Does crafting a strategic plan sound like a waste of time? Do you associate it with a binder on your bookshelf? If you view a strategic plan as a one-time project, it isn’t worth your time. But, if you make it a simple and living document and process, it can create new opportunities and added revenue for your farm.
“Where are we today? Where do we want to be in the future? That’s the gap to close with a strategic plan,” says Allan Gray, Purdue University ag economist. “Don’t make it any more complicated.”
Also, don’t confuse strategic planning with running an effective business. “Operational effectiveness is assimilating, attaining and extending best practices,” Gray says. “You are running the same race faster.”
Conversely, strategic positioning is creating a unique and sustainable competitive position. “You choose to run a different race,” Gray says.
To determine the path between where your business stands today and its future position, list your values and the goals you can achieve, Gray says. “Strategy is where you find alignment between those two lists; strategy is about what are the most important things we can do something about.”
An effective strategic plan will provide you direction for your farm, says Mark Faust, business author of and columnist for AgPro, a sister publication of Top Producer. He says a smart strategy consists of three pillars: vision, focus and divergence.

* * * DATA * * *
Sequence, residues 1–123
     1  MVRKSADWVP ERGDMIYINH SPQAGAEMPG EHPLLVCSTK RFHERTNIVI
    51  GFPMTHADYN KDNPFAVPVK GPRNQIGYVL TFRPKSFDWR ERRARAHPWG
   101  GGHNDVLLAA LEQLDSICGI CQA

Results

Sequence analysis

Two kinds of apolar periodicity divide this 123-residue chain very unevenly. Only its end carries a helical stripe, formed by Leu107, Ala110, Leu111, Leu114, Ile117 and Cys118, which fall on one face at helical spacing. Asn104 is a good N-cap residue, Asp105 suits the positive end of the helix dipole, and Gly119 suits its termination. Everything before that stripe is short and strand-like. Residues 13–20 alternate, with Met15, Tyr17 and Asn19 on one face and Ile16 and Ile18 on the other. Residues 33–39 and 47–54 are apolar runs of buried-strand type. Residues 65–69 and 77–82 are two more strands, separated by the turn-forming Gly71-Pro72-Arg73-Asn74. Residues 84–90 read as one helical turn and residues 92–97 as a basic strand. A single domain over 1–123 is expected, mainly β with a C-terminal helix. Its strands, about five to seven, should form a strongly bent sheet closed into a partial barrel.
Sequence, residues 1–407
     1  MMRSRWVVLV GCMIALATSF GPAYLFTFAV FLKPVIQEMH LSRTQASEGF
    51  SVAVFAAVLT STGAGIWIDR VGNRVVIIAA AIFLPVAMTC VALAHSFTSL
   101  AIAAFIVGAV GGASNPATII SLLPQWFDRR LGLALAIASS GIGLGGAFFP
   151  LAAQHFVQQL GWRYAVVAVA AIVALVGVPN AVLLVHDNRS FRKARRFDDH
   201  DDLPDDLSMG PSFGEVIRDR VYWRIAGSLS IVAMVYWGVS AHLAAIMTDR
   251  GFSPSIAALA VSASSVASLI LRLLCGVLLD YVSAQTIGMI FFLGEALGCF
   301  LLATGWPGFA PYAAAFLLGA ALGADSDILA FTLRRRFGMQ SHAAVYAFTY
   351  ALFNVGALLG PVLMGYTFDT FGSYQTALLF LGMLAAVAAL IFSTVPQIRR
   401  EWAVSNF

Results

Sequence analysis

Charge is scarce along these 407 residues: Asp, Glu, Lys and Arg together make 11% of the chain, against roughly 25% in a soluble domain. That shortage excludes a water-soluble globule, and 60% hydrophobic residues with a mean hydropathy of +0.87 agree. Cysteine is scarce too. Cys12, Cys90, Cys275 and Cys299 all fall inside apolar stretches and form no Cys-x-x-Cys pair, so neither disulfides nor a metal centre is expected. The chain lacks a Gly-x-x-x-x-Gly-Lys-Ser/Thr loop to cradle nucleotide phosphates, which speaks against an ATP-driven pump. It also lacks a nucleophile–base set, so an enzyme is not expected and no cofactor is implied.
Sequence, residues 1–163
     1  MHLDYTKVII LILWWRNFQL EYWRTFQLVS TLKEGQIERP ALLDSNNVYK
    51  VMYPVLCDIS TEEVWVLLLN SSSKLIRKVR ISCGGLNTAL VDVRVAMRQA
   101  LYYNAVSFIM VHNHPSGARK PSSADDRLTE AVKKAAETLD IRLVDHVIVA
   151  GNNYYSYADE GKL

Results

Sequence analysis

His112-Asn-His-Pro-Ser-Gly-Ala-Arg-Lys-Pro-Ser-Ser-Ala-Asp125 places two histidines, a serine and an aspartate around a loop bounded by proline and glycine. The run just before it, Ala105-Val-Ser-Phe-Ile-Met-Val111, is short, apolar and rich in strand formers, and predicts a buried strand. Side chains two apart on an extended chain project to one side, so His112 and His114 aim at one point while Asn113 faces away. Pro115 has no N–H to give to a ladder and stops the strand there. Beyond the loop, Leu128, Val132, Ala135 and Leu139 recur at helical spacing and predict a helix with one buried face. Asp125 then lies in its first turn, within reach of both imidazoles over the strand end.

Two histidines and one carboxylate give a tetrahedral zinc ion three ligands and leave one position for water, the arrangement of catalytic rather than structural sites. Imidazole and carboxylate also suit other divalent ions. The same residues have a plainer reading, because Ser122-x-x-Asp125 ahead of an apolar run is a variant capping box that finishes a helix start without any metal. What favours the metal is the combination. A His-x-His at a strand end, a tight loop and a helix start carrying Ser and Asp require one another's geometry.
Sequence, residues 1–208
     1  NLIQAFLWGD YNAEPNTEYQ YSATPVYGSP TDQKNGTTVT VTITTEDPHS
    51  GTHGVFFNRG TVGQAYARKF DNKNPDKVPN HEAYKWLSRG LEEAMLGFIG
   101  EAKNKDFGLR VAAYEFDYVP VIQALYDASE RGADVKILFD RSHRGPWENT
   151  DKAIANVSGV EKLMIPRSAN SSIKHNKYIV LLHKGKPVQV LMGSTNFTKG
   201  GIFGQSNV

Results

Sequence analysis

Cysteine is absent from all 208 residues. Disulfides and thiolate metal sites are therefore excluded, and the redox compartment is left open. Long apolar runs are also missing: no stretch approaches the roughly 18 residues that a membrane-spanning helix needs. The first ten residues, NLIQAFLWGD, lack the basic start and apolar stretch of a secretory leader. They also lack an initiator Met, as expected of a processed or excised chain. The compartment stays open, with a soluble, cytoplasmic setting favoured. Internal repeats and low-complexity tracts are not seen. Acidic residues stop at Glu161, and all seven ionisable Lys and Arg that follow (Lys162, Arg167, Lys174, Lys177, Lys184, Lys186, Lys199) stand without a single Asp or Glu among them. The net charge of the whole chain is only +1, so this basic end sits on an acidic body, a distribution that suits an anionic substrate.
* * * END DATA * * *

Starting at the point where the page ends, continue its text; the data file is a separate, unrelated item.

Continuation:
What are your goals for the farm? Start there and work backward.
Once you have a clear vision, make it your operation’s focus. “Your people, capital and time will get more leverage when you direct your limited resources in distinctive ways toward one area where you have the most impact compared,” Faust says.
Finally, what amplifies good strategy into great strategy is innovative divergence. “Continuously refining your approach to the market, your offerings and even your culture will differentiate you in powerful ways,” he says.
Strategic planning is not easy. As a result, farmers who continuously refine their strategy have a great competitive advantage and don’t suffer from a stale business focus. Commit to revisiting and refining your strategy, Faust encourages.
“Strategy is a process, not an event,” Faust explains. “It’s a dance, not a sculpture.”
5 Pillars of a Strategic Plan
Strategic planning combines long-range thinking with short-term goals, says Sarah Beth Aubrey, CEO of Aubrey Coaching and Training and Top Producer columnist. To help farmers and business leaders succeed in strategic planning, Aubrey created a system called the “Strategic Plan On A Page In One Hour Or Less.”
Assemble your team along with supplies. Use a timer and stick to the hour-long deadline and divide your hour into discussing the five sections below.
- Values: Define core values for your life and farm. What motivates you? (5 minutes)
- Vision: What are your aspirational goals for the operation? (10 minutes)
- Analysis: Identify your strengths, weaknesses, opportunities and threats (SWOT). Go through each of these quickly. (20 minutes)
- Goals: Set short- and long-term goals that are specific, measurable, ambitious, realistic and with timelines. (20 minutes)
- Priority: Now, set a single top priority. Remember, priorities and goals are not synonyms. (5 minutes)
Learn more about Sarah Beth Aubrey’s guide for creating a strategic plan in an hour or less at bit.ly/quick-plan